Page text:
5 Great Things: Mid-Southerners to the rescue of Harvey victims

5 Great Things: Mid-Southerners to the rescue of Harvey victims

MEMPHIS, TN (WMC) - Flooding from Harvey virtually devastated our neighbors to the south, and since Mid-Southerners are known for jumping into action when someone is in need, this week, we're sharing 5 of the Great Things the Mid-South is doing to help and honor Hurricane Harvey victims.

High Schoolers raise money

White Station High School students were spurred into action after witnessing the disastrous effects of the storm.

The students said they weren't letting their young age stop them from doing the right thing--in this case, helping others in need. So, they used their lunch break to raise money, their goal: $2,000.

Mississippi State helmet decals

Mississippi State will wear special helmet decals in honor of the victims of Hurricane Harvey in Texas. The football team will wear them against Charleston Southern.

Task Force One goes to Houston

A 70-man crew from the Mid-South is in the midst of the devastation in Houston to provide help.

Since arriving, the Tennessee Task Force One crew has worked 12 hour days -- going into some of the hardest-hit areas rescuing victims.

They've brought more than 1,300 people to higher ground. The task force will remain in Houston until help is no longer need, but they said they won't be coming home anytime soon.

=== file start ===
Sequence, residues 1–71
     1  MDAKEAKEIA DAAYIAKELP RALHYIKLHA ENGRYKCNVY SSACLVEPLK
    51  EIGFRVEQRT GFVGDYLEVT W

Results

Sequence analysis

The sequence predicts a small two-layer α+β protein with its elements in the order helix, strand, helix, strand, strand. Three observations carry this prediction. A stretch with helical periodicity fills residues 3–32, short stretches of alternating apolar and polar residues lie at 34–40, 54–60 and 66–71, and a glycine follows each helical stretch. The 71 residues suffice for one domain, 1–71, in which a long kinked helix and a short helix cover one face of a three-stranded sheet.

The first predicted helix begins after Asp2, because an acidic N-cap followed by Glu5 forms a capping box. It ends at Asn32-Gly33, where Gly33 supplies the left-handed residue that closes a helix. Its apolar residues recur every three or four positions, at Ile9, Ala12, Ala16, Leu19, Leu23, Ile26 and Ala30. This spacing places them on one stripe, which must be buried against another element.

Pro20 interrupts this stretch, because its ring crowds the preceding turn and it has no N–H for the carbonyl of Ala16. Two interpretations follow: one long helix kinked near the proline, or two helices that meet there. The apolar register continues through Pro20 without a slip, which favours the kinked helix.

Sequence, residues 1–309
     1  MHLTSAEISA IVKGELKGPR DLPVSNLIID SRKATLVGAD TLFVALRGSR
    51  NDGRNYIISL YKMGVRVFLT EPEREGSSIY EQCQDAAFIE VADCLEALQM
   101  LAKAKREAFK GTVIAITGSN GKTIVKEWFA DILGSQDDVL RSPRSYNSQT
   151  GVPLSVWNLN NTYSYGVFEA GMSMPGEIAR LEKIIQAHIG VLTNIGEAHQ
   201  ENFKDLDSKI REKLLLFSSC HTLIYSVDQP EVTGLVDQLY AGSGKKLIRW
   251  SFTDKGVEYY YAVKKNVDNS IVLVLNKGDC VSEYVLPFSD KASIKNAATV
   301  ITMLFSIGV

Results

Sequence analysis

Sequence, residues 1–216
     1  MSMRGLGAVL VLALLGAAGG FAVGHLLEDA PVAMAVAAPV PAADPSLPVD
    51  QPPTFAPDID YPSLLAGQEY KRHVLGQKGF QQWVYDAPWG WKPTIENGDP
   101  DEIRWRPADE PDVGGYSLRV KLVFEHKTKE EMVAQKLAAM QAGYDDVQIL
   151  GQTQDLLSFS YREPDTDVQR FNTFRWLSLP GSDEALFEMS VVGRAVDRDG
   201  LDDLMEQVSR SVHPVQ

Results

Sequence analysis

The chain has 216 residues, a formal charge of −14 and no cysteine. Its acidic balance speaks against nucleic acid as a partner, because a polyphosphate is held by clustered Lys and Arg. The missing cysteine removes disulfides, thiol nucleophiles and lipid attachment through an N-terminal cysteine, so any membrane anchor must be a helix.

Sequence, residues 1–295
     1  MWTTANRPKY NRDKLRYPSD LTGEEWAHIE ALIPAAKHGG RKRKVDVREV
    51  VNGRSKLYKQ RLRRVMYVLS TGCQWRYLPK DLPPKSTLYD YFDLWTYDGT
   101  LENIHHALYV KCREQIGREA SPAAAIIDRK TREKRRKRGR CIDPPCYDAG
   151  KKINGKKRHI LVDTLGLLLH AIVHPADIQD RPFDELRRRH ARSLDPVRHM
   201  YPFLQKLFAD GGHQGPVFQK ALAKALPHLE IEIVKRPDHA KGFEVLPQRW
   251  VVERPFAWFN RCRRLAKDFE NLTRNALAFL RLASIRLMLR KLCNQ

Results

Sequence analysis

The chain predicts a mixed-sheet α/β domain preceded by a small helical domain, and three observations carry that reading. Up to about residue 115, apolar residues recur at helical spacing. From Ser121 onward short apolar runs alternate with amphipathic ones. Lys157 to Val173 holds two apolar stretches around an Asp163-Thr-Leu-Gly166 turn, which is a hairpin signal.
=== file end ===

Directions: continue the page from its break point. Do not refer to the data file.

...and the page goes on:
Ole Miss fraternity raises money

An Ole Miss fraternity is donating thousands to help those impacted by Harvey, and they raised the money with tweets.

Kappa Sigma posted a tweet Tuesday afternoon, saying they would donate 25 cents for every retweet and 10 cents for every like.

The response was overwhelming. Kappa Sigma plans to donate $10,000 altogether to Houston.

Boy gets treatment at Lebonheur

A little boy fighting a fatal neurological disease arrived at LeBonheur Children's Medical Center in Memphis so he wouldn't miss a dose of a treatment that helps to slow the terminal outcome.

Every two weeks, 6-year-old Micah McCorkle goes to Houston to receive his treatments for Batten disease.

But, with Hurricane Harvey on the way, his family had to come up with a back-up plan.

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